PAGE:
After Naomi Tutu spoke at the IdeaFestival in 2009, she wrote “Amandla!” for power in my copy of her book about her father, Desmond Tutu.
We talked briefly about how to empower women and girls, and she suggested getting involved in women lawyer’s organizations globally and locally.
Not everyone holds women lawyers in such high esteem.
Take Thomas A. McAdam, for example. He’s the Pepé Le Pew tie-wearing, press conference-holding attorney for Councilman Dan Johnson, the alleged ass-grabbing, pants-dropping, my belt is too big circus-maker of Metro Council. In 2014 McAdam wrote on Facebook:
“Lady lawyers always remind me of those trained bears in the circus, that ride their bicycles around the ring. One is impressed not by the fact that they do it poorly, but that they can do it all.”
How exhausting it must be to constantly protect such fragile male egos, not to mention the exorbitant expense when victims complain publicly, and legal fees and settlement payouts accumulate. “Spare no expense” is the likely assaulter’s refrain to his lawyer when consent wasn’t obtained, whether it’s him, or you, the taxpayer, footing the bill. (Hint: It’s not him according to a recent letter from the Jefferson County Attorney’s Office.)
But, Councilman Johnson, unlike Trump and Weinstein, likely isn’t rich. And his power is arguable at best. So how is this guy still in office?
What is happening in our own Metro Council is a microcosm of the rampant fecklessness in our federal and local governments.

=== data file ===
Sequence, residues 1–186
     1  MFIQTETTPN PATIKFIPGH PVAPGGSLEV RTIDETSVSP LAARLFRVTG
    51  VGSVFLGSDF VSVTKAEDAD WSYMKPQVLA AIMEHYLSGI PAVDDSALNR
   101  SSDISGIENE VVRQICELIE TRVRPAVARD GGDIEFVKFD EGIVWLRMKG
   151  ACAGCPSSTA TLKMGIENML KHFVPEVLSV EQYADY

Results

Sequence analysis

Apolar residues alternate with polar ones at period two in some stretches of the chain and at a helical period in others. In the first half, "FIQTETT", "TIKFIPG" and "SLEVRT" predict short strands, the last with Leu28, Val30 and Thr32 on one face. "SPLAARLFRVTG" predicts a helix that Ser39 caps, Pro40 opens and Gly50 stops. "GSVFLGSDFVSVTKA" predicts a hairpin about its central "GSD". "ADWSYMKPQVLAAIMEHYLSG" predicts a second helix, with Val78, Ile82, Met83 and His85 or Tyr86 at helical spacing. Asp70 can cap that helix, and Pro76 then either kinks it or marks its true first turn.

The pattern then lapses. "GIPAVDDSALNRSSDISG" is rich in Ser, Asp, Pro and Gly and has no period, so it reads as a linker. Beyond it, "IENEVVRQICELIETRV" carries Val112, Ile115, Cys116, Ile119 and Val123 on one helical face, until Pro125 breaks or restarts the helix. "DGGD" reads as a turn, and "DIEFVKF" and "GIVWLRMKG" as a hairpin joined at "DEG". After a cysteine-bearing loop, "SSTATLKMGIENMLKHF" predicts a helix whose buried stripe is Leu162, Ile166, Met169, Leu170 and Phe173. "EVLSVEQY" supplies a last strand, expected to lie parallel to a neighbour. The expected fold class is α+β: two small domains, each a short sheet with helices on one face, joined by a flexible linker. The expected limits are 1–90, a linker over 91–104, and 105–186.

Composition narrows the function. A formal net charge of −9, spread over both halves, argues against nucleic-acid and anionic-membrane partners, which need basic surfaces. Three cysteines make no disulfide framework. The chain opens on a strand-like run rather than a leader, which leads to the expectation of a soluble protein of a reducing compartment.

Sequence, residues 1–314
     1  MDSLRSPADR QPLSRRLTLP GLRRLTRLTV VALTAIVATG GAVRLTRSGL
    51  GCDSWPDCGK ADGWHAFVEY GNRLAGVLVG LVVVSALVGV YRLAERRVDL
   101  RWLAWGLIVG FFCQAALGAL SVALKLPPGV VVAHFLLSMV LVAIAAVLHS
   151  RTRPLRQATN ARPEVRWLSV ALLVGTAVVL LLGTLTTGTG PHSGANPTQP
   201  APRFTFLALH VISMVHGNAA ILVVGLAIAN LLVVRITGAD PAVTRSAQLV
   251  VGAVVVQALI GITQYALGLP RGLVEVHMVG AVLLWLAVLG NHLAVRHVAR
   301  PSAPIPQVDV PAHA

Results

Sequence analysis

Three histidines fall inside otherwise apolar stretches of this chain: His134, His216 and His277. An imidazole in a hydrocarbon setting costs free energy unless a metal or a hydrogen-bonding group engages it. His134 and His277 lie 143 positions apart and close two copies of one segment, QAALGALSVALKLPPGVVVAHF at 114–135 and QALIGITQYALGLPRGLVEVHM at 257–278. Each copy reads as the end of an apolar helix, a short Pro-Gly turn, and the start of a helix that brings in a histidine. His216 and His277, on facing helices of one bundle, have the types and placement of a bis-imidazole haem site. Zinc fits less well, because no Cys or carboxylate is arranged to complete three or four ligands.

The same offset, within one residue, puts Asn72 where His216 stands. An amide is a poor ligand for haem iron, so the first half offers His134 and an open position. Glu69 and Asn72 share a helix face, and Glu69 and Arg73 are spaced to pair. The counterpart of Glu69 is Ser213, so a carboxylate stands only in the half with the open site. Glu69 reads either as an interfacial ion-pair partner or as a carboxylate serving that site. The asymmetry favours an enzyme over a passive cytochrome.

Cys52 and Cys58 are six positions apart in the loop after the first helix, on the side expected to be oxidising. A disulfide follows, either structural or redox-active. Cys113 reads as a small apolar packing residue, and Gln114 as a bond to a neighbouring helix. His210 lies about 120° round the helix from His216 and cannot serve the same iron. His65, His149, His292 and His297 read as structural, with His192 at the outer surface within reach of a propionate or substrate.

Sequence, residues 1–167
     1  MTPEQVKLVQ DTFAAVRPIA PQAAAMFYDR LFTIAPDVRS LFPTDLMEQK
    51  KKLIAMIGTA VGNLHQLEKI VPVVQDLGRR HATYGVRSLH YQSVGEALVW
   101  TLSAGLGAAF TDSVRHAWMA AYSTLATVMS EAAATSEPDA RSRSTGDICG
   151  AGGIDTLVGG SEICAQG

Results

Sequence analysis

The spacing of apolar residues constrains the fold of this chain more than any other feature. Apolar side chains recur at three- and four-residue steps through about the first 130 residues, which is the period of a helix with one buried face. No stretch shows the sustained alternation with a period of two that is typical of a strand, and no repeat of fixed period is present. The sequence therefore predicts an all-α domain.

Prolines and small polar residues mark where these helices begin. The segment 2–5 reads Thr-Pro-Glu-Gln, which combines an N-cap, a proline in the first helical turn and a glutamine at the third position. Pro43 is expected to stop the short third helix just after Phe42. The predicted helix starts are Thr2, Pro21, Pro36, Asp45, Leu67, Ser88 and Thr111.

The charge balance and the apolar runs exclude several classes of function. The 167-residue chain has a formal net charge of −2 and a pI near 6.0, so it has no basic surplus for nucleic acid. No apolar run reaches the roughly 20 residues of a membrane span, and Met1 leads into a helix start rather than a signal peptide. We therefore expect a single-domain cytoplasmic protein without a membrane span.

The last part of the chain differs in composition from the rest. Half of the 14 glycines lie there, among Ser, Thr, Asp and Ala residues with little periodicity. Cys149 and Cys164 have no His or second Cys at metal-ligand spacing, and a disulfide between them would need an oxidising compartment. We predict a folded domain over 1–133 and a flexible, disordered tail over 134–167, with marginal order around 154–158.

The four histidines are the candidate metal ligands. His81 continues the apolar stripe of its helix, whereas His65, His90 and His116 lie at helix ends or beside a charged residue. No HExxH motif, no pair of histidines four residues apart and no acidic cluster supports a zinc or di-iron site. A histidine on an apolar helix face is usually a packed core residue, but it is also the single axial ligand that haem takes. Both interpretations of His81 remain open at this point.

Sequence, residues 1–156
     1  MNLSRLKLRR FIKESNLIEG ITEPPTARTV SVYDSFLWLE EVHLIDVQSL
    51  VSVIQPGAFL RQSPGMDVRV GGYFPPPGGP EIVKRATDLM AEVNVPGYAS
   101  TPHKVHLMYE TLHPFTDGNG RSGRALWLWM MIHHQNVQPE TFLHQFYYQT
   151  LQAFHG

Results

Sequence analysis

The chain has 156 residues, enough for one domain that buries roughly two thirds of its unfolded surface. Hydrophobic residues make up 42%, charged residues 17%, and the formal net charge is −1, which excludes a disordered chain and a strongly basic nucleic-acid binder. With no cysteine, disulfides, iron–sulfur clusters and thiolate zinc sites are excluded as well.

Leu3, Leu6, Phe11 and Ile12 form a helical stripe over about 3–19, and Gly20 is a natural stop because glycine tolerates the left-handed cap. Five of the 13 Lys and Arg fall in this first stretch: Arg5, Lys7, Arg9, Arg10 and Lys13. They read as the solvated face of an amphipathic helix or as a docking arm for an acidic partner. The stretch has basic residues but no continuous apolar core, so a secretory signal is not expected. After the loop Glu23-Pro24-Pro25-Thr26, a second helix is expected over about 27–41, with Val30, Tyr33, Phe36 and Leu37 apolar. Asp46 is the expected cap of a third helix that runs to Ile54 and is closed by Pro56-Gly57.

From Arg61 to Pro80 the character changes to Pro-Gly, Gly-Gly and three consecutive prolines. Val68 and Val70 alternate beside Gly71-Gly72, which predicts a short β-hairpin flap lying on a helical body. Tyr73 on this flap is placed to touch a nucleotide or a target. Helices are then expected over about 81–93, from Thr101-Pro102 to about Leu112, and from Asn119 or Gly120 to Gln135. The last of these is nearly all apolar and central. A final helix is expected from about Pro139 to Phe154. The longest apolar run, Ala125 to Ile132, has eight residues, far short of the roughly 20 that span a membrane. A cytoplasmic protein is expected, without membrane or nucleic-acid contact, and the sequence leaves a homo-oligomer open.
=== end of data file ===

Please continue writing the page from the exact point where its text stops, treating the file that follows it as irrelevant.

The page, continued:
A few weeks ago, I wrote about the similarity between the acceptance of President Trump’s belief that women are chattel to be used sexually as one wished (if you’re rich) and Hollywood’s long-kept silence about Harvey Weinstein’s sexual predation. By Weinstein’s own admission, consent isn’t a factor. While he begged a model to enter his hotel room for one minute and promised he wouldn’t hurt her, Weinstein said on tape that he is “used to” women saying no to him.
Some women are taking solace in the viral #MeToo campaign to make others aware of the magnitude of sexual harassment and assault. Yet, solace is a salve at best when lawmakers, civic leaders and even judges continue to victim blame and minimize predatory behavior. Their collective nonchalance translates as this message to women everywhere: You don’t count. Hashtag campaigns are great as far as they go, but mere decoration when what we need is a revolution.
We make up at least half of the population worldwide, and we’re still talking about equal pay, what a rape victim was wearing when she was sodomized, whether she was pretty enough or skinny enough to have really been sexually harassed and if the state can tell you when and under what circumstances you can terminate your pregnancy.
You have got be fucking kidding me.
But, the joke (and sometimes the joker) is on us.
The fabled War on Women of yesteryear?
The other Dan Johnson (we have two!), the legislator from Bullitt County, pre-filed a bill to redefine abortion, unborn child and fertilization and “require prosecution for the death of an unborn child without limitation and not withstanding [sic] any other state law regardless of the identity of the actor in Kentucky.”
The Trump administration through the Department of Justice said it didn’t want to be complicit in an abortion for a 17-year-old in detention in Texas in an Office of Refugee Resettlement shelter. The full District of Columbia Circuit Court of Appeals allowed the abortion to progress, in the end, yet the case is instructive as to how a state will treat its most powerless citizens.
Meanwhile, judges across the country impose light sentences on sexual assault defendants, basing the sentence on pedigree, affiliation, race and if the victim was attractive and fought back or kept her legs together.
Thus, my wartime message to you is the same as Naomi Tutu’s to me eight years ago: “Amandla! Power!” #MeToo